Three Teenagers With Influenza Die After Secondary Infection
The number of acute respiratory infections (ARIs) in the German population has dropped to 4.7% (Week 1). During the previous week, the figure was 7.3%. The Robert Koch Institute (RKI) has announced that the current value is like that of the pre-pandemic years. Nonetheless, there is still cause for concern: three teenagers with influenza infections died in the German state of Saxony-Anhalt as a result of secondary infections.
Consider Bacterial Infections
The RKI reported that the teenagers all had symptoms of bacterial meningitis. At the same time, influenza A viruses had been detected in all three cases. Streptococcus pyogenes was also detected in the blood cultures of two of the cases, and Staphylococcus aureus was present in one case. There were no indications of multiresistance. The RKI has now issued a warning: “The three fatalities are indicative of an increase in serious diseases caused by secondary bacterial infections following an influenza A infection.”
Schoolchildren and teenagers have been badly affected by the flu in this current influenza season. What should physicians be aware of? The recommendation states: “Secondary infections with bacterial pathogens — such as group A Streptococcus, pneumococcus, Haemophilus influenzae, and S. aureus — are particularly prevalent during the influenza and cold season. These, in addition to meningococcus, should be taken into consideration during the differential diagnosis of serious bacterial infections, such as meningitis or sepsis. A primary infection, for example with an influenza virus, is likely to increase the risk of these bacterial pathogens, causing a serious progression.”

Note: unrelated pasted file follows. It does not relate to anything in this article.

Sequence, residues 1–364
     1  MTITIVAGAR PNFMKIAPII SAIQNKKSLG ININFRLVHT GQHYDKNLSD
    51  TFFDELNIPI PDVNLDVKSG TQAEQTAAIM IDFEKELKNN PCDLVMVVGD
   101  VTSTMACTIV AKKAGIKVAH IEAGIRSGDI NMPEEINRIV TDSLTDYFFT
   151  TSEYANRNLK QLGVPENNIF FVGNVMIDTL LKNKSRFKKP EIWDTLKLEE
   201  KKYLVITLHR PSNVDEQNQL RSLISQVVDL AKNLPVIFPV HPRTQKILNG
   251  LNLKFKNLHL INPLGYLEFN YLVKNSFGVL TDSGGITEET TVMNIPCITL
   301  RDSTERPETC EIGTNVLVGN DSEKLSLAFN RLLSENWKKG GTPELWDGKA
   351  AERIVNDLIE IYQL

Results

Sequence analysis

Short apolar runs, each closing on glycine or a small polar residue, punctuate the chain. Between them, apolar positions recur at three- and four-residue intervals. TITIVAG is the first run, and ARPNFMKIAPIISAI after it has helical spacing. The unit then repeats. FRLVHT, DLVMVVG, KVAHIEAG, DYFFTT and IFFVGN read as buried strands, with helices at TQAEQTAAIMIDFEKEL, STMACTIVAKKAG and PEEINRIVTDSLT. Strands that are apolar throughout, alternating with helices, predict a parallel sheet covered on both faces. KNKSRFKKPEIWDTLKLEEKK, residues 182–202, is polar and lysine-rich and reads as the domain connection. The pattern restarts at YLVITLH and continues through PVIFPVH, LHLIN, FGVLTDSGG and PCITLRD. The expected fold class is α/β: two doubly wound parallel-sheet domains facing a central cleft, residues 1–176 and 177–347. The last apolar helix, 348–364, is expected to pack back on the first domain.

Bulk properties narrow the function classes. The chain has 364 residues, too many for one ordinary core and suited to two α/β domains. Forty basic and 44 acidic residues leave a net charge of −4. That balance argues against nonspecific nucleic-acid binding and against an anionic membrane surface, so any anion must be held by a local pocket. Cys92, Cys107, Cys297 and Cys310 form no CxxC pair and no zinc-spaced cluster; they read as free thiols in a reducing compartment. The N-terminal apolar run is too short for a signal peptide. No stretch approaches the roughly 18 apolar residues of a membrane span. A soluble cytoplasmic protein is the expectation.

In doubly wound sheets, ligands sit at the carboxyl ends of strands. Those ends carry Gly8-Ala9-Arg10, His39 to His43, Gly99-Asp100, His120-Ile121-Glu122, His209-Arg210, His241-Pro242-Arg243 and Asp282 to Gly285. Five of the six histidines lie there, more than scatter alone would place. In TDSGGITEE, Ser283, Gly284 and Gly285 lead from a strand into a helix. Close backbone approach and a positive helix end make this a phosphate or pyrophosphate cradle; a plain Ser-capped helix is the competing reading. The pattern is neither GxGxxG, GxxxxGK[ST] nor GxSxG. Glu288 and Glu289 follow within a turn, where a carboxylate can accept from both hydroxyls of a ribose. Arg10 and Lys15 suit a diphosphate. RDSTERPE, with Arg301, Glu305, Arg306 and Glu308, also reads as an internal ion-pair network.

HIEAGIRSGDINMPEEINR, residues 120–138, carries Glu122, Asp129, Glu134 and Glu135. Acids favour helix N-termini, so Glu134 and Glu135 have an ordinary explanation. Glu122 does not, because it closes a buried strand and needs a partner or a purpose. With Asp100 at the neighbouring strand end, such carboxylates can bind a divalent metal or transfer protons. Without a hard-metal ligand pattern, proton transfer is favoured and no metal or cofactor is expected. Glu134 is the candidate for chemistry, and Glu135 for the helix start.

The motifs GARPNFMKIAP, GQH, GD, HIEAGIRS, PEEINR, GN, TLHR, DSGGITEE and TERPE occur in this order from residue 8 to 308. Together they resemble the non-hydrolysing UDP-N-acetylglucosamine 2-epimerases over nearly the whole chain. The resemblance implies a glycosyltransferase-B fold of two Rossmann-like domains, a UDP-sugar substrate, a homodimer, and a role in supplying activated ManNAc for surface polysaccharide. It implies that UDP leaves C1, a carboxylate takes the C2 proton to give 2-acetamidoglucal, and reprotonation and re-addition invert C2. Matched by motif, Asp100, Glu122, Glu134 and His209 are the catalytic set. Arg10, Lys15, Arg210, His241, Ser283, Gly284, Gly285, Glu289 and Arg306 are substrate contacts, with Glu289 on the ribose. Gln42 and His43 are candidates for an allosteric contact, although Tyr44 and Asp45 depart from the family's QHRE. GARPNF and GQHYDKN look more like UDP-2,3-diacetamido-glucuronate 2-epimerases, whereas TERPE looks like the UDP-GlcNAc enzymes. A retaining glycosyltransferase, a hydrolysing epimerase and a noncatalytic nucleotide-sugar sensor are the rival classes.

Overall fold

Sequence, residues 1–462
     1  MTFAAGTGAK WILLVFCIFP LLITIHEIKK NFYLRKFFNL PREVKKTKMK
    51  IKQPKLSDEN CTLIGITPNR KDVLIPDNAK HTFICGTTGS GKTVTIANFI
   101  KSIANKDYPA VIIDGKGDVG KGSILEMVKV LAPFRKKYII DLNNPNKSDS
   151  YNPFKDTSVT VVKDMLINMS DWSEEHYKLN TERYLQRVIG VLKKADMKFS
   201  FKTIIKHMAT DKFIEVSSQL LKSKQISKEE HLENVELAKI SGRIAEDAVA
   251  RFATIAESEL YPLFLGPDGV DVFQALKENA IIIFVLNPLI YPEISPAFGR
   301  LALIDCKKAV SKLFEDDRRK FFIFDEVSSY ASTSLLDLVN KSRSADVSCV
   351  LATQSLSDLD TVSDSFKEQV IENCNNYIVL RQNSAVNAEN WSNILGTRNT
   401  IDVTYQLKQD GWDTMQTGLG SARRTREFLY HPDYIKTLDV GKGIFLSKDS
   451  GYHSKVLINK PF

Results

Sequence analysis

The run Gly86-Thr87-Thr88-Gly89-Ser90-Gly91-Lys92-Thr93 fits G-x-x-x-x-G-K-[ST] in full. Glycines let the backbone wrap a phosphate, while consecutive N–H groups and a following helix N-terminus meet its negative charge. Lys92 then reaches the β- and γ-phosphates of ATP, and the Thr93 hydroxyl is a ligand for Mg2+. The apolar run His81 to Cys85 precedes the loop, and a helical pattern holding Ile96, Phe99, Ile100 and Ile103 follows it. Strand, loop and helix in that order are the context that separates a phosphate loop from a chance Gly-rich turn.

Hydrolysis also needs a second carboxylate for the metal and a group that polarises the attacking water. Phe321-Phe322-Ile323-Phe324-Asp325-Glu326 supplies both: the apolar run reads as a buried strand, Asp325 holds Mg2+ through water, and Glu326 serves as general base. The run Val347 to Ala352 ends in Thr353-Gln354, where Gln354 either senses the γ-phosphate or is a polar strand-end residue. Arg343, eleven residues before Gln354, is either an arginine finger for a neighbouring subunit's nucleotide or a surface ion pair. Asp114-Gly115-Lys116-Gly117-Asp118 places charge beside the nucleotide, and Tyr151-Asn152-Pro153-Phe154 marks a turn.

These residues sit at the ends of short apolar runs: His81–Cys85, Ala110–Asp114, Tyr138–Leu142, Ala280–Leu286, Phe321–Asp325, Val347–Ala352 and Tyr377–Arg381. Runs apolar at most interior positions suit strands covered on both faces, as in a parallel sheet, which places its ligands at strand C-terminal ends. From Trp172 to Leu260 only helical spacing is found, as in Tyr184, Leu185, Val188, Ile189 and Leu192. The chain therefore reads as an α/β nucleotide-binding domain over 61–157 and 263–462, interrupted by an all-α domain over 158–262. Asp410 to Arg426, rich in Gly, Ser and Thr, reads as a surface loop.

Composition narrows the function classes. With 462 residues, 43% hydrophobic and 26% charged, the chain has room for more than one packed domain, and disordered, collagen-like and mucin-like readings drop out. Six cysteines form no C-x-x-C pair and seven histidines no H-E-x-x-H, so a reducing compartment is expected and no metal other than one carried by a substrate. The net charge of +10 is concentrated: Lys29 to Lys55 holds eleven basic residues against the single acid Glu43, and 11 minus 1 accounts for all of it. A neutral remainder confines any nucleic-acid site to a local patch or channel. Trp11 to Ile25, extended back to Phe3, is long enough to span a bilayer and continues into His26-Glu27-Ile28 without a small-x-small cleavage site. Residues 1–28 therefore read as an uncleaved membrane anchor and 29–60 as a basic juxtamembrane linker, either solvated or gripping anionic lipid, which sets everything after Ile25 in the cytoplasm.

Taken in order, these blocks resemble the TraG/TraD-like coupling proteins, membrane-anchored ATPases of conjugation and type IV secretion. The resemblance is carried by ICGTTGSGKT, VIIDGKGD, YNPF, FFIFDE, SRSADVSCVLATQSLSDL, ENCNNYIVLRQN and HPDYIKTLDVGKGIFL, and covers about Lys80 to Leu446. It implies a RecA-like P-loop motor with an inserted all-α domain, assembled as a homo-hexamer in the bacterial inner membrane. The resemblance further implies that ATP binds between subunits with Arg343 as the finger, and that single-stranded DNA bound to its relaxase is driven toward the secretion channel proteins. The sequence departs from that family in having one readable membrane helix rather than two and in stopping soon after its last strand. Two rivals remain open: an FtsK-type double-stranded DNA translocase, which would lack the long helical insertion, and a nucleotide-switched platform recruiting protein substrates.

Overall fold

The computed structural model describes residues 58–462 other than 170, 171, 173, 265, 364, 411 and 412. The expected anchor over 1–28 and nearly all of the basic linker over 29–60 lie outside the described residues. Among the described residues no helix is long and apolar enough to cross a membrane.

A European Problem
It is not just Germany that is affected. A few weeks ago, the World Health Organization warned of an increase in invasive group A streptococcus (iGAS) infections in children younger than age 10 years. Since the end of 2022, reports have come from France, Ireland, the Netherlands, Sweden, and the United Kingdom, among other places.
In the same period, the WHO also received reports of multiple fatalities in connection with iGAS diseases in children younger than 10, predominantly from France, Ireland, and the United Kingdom. In France and the United Kingdom, the number of iGAS cases observed in children was several times higher than before the pandemic.
“It is likely that the increase in iGAS diseases in children is also connected with the recent increase in the spread of respiratory viruses, including seasonal influenza and respiratory syncytial virus,” the recommendation also reads. Co-infections would increase the risk.
What Is GAS?
By way of background, Group A streptococcus is the most common cause of bacterial pharyngitis in school-aged children. It usually causes mild conditions such as sore throat, headaches, fever, and a red rash (scarlet fever). In Europe, the condition usually reaches its zenith in the winter months and at the start of spring. Outbreaks in kindergartens and schools are common. GAS pharyngitis is diagnosed using a rapid antigen test or bacterial culture and treated with antibiotics. Depending on the symptoms, symptomatic treatment can also be added.
In rare cases, GAS can also cause a serious, life-threatening infection, which manifests as bacteremia, pneumonitis, or skin and bone infection (such as cellulitis, osteomyelitis, or necrotizing fasciitis). Children with viral infections such as varicella (chickenpox) or influenza have a higher risk of becoming ill with iGAS.
European Risk Assessment
GAS/iGAS infections only need to be reported in some European countries. “It is therefore currently difficult for the WHO to assess the overall extent of the spread in the European region,” wrote the WHO. “Although investigations are not yet complete, typification data indicate that the increase in cases is neither connected to a specific or new strain nor to an increase in antibiotic resistance to GAS.”
The WHO Regional Office for Europe and the European Center for Disease Prevention and Control estimate that the current risk to the general population of catching iGAS infection is low.
This article was translated from the Medscape German edition.
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